Online learning is something novel and not many have undergone the experience. On the whole, the article is simplistic in approach and does not go very deep into some arguments but merely enumerate. There is no named author for the article.
The writing in this piece is barely enough for anyone wanting to know about the basic requirements in online learning. The critical issues presented [but not treated as issues] include the following: 1) "The traditional school will never go away." However, the feature of the traditional school that makes it so was not highlighted. The writer assumes that the reader knows. Anyone not having experienced online learning, however, will not be able to compare these modes of traditional and online learning.
2) "Online is a convenient way to receive education but it is not an easier way." The writer only said it is not easier because the requirements are not less than those required in traditional learning. The comparison is only on quantity, and nothing is said on quality. 3) "Online is not for everybody." The argument here is that there are some who may only prefer traditional classrooms; therefore may not be happy online. This contention, however, is better supported with evidence as assessments without any basis shortchanges the reader. The experiences differ in this aspect as when people may be talking about the tightness of schedules or treatment of management on students. Larrabee (2006), for example said he found that on-line learning is not always as flexible and busy- schedule friendly as claimed to be. He said, "I soon found out that it was almost unacceptable and if I did not log on everyday, I could fall behind and possibly be penalized."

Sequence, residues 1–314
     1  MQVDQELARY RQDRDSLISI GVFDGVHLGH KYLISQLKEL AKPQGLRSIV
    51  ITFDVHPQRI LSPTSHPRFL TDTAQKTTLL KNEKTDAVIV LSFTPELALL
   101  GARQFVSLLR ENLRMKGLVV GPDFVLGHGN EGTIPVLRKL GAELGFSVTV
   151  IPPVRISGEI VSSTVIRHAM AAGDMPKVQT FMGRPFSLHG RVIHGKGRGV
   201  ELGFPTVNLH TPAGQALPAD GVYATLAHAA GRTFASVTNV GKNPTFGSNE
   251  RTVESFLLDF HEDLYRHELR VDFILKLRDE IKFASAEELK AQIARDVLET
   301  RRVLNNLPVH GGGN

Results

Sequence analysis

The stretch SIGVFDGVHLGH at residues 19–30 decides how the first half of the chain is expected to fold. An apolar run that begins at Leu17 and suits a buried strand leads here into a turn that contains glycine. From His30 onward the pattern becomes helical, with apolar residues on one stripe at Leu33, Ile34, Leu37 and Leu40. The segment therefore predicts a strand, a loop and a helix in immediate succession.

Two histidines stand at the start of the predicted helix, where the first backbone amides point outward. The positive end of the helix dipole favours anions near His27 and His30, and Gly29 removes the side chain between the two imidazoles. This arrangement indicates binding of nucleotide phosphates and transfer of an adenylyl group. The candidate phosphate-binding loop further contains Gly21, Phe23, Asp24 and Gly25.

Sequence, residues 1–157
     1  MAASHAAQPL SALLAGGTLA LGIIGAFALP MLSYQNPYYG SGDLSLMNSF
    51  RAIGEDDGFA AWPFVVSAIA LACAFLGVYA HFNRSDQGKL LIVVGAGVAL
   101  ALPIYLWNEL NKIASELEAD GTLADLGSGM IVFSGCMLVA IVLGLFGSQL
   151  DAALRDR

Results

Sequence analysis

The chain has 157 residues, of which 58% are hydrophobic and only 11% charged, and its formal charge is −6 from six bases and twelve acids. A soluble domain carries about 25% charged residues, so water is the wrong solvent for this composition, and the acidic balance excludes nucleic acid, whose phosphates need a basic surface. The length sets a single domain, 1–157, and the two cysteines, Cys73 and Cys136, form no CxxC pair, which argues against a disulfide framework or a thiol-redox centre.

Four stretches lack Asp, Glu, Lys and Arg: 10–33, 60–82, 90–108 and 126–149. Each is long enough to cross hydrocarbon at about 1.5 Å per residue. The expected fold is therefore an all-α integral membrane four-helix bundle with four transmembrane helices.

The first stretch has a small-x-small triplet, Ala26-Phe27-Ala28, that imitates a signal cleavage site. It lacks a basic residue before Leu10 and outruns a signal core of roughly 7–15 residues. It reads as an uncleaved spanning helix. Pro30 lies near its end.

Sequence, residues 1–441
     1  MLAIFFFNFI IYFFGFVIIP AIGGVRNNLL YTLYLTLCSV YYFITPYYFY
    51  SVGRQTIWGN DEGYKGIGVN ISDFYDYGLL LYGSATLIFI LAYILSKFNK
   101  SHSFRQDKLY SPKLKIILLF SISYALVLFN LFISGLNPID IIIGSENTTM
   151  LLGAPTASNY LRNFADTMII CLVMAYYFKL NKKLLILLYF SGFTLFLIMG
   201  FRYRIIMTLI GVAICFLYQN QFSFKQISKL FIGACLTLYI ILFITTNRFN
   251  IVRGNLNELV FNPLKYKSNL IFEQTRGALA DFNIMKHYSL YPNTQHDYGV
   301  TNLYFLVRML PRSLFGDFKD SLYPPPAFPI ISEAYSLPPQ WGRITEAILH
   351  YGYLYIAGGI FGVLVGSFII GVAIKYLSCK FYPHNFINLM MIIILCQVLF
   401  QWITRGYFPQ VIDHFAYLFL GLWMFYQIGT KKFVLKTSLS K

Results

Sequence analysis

4) "While the level of social interaction can be very high in the virtual classroom given that many barriers come down in the online format, it is not the same as living in a dorm on a campus." Why "many barriers come down" in the online format may need some examples to illustrate what the writer means. Does this mean making it easy for the shy, those melting from having to speak with other people face-to-face The writer may benefit from Leslie's (1993) description about networks making obscure social distinctions such as race, gender, disabilities, physical appearance, including social status receding in cyberspace, and all that counts is one's capability for expression.
5) "Once a student gets behind, it is almost impossible to catch up". Why If the work involved is demarcated with weekly schedules, can't the student catch up since anyway there are time markers Does this have to do with class discussions as anyone left behind would have no one to discuss with What has time got to do with it if there are markers Again, there was no elaboration.
6) A thesis that closely capsulizes the discussion in the article is this. "Just as many excellent instructors may not be effective online facilitators, not all students possess the necessary qualities to perform well online." The article is oriented to the student. However, even if done in passing, if an intriguing statement is made, it needs support by way of an explanation. So, is this because excellent instructors lacked the experience of being online students Is it because they have to interact with the students from time to time In what area are they not effective For this part not to be questioned, the least the writer should have done is mention a reference or a source.
This part of the statement is followed by "students not possessing the necessary qualities to perform online." The 10 enumerated qualities which are more of pieces of advice and